Most authors would love to create an iconic character. And why not? It’s one of the ultimate literary achievements, to create a character that lasts through the ages, whose name is instantly recognized among mass culture. Speculative books, comics, movies, etc. have certainly contributed a number of such characters over the years. To name a few: Dracula, Frankenstein, Tarzan, Superman, Batman, the Joker, Spider-Man (I’ll leave it to the comic experts to debate what other comic characters qualify as truly iconic), Luke Skywalker, Darth Vader, and of course, the subject of this post, Robert E. Howard’s Conan the Barbarian.
The character of Conan made his first appearance back in the December 1932 issue of the magazine Weird Tales. Conan would prove to be wildly popular, and along with fellow Weird Tales authors H.P. Lovecraft & Clark Ashton Smith, Howard would go on to become one of the magazine’s Big Three during the golden age of pulp fiction. Howard sold quite a number of stories to Weird Tales and other venues before he committed suicide in 1936, but Conan was his most enduring creation. During Howard’s lifetime he sold 17 Conan stories to Weird Tales (“Red Nails,” the final Conan story to appear in Weird Tales, was published posthumously). In the ensuing years, a number of his unpublished Conan stories found their way to print, and several authors—most notably L. Sprague de Camp—completed Howard’s unfinished tales and brought those to print.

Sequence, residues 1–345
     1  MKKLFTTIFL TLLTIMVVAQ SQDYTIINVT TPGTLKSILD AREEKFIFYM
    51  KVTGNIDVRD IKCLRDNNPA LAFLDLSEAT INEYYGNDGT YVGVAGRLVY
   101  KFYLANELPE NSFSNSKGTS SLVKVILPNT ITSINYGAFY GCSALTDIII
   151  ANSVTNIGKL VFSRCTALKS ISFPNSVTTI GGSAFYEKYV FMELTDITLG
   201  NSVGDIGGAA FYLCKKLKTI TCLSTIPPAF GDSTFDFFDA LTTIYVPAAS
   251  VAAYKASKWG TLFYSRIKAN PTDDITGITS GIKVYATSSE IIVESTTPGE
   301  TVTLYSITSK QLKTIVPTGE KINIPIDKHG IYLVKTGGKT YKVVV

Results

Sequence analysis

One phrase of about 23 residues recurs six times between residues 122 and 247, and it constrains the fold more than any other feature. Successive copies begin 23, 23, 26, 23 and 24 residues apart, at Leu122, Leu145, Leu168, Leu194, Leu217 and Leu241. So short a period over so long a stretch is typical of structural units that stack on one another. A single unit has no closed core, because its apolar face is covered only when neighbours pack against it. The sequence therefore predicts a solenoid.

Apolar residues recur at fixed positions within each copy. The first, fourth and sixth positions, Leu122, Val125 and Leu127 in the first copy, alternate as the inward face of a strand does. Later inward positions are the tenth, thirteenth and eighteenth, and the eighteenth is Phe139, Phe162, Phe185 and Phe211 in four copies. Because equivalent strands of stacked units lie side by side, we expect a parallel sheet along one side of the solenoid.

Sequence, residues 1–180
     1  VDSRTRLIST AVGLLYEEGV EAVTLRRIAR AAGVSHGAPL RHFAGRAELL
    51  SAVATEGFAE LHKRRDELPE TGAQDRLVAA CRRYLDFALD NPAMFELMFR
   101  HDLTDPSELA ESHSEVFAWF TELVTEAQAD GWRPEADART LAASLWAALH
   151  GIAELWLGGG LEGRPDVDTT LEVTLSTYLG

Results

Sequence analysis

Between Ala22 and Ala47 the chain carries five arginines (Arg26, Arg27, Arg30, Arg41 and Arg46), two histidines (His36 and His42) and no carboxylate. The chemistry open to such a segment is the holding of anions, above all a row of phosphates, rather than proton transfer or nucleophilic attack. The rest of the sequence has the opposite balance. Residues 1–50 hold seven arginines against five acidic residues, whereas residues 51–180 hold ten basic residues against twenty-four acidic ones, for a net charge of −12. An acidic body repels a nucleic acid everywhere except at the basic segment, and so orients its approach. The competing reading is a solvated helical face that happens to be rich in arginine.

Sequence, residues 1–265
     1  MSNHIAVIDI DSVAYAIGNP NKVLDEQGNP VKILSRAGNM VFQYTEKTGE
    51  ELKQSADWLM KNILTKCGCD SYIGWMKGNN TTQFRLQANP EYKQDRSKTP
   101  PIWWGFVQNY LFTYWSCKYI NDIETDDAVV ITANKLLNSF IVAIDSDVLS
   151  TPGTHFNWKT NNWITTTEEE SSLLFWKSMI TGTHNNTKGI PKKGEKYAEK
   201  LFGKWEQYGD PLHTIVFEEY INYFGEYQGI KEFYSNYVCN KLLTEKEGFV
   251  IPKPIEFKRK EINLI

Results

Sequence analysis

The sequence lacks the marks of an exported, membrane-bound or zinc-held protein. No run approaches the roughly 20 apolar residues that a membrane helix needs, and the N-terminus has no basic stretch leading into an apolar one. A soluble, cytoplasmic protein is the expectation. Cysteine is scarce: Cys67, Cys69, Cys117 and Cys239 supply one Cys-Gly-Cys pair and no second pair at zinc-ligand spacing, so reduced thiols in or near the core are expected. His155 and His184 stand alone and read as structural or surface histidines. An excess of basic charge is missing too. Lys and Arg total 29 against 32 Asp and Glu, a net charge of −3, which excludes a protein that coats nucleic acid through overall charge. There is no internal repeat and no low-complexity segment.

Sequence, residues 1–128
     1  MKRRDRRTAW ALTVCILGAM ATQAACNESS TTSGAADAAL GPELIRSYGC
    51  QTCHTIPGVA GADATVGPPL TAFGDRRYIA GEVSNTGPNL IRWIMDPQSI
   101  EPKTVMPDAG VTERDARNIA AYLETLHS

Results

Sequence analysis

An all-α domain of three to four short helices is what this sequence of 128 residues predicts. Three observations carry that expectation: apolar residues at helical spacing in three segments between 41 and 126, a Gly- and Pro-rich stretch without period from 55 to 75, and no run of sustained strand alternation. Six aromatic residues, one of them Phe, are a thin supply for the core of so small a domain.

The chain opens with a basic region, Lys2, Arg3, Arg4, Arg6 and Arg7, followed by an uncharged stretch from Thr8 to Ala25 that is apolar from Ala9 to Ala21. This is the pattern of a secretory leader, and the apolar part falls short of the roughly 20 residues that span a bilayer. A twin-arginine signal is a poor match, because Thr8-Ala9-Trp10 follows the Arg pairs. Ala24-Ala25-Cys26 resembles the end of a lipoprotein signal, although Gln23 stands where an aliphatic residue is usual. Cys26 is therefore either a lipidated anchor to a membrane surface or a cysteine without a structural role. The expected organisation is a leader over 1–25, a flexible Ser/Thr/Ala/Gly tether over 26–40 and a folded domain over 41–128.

Since then, Robert E. Howard has come to mean to sword & sorcery what J.R.R. Tolkien means to epic fantasy. As to Conan, he has appeared in just about every medium you can imagine: books, comics, B&W illustrated magazines, comic strips, movies, live-action TV, cartoons,video games, RPGs, figurines ...you name it. Somewhere along the way, Conan transcended into the realm of icon among the public consciousness. The character is still going strong today, all thanks to some 17 stories published in the space of 4 years.
[Read on for more sword-swinging goodness.]